Weiss, who is Jewish and a New Yorker, said that he spoke to members of the Antar family and other sources, while also fishing through voluminous public records from various indictments, investigations, lawsuits and trials.

Not everyone involved in the story agreed to talk to Weiss, he said, and Eddie Antar died in 2016, before the author had a chance to try to interview him. But for many of the people involved, Weiss said, I had something better than an interview: I had their sworn statements that were almost contemporaneous. I basically had the story from their own lips, not too long after the events in question.

While he mostly avoided the press and was rarely photographed, Eddie Antar left behind a story full of wild details, even beyond his many crimes. Both his first and second wives were named Debbie, referred to by those close to him as Debbie I and Debbie II. It was commercial pitchman Jerry Carroll, not Antar, who delivered the famous His prices are insane line on the television commercials, to the point where many New Yorkers thought Carroll was Crazy Eddie.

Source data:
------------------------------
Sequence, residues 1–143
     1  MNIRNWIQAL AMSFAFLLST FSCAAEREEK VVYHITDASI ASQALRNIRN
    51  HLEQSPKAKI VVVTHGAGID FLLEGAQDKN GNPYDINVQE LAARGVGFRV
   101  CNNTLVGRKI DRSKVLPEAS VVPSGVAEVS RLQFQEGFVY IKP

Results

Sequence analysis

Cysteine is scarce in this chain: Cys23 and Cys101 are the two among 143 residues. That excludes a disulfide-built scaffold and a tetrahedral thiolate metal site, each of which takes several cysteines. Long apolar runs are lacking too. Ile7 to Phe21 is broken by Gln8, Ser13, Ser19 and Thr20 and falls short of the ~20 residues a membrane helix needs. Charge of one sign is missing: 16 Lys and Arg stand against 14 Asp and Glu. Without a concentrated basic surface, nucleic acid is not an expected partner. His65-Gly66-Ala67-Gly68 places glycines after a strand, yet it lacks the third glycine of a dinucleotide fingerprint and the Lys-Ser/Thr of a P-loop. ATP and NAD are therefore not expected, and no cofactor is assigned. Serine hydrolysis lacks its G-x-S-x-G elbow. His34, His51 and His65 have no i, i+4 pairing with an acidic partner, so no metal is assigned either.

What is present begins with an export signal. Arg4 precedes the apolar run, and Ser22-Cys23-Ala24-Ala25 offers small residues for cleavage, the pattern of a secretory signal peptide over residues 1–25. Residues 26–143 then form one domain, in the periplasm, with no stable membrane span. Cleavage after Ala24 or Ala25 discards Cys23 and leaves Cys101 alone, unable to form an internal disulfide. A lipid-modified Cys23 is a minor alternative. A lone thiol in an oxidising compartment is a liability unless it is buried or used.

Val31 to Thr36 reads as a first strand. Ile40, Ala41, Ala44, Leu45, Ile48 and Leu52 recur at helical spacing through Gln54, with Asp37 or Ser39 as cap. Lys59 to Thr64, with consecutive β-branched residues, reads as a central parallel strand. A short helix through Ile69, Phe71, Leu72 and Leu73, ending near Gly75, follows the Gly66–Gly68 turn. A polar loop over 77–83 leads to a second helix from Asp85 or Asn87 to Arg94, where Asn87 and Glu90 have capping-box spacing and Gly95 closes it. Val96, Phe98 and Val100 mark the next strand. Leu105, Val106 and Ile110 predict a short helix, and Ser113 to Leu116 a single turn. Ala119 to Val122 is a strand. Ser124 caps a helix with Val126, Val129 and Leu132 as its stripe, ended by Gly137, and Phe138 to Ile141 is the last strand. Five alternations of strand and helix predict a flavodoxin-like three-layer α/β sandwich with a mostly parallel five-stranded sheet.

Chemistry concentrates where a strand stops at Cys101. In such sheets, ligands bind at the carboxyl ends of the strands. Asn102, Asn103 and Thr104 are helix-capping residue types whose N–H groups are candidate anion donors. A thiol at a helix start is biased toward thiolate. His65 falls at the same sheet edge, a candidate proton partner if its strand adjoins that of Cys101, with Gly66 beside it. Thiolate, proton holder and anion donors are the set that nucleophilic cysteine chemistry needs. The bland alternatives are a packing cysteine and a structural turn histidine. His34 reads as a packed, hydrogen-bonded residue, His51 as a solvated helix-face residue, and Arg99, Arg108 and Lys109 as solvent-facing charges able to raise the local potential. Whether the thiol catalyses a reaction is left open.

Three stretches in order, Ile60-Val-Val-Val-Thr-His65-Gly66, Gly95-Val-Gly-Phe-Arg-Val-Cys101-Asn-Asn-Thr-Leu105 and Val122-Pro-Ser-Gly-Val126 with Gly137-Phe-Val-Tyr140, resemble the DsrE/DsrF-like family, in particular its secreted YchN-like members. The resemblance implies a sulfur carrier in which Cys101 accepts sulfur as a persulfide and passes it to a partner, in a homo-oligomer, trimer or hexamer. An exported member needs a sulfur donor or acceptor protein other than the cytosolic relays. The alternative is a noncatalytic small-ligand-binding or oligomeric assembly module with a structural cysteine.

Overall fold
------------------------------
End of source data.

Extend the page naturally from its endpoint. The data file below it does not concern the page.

Antar stands for a mugshot after being arrested. (Courtesy of Paul Hayes)

Very important to the rise of Crazy Eddie was that the Antar family hailed from New Yorks Syrian Jewish community, known as SYs. Eddies grandparents fled Aleppo, then part of the Ottoman Empire, in the early 20th century, landing in Brooklyn. It was a close-knit community, one that shunned intermarriage even with Ashkenazi Jews, and which used community and family ties to succeed in the clothing and electronics trades. Another defunct New York-based electronics store chain, The Wiz, was also founded by a Syrian Jewish family. (Seinfeld fans sometimes confuse the two chains, thanks to an episode in which Carrolls antics as Crazy Eddie were combined with the real-life slogan Nobody beats The Wiz. Jerry Seinfelds real-life mother, in fact, came from the Syrian-Jewish community.)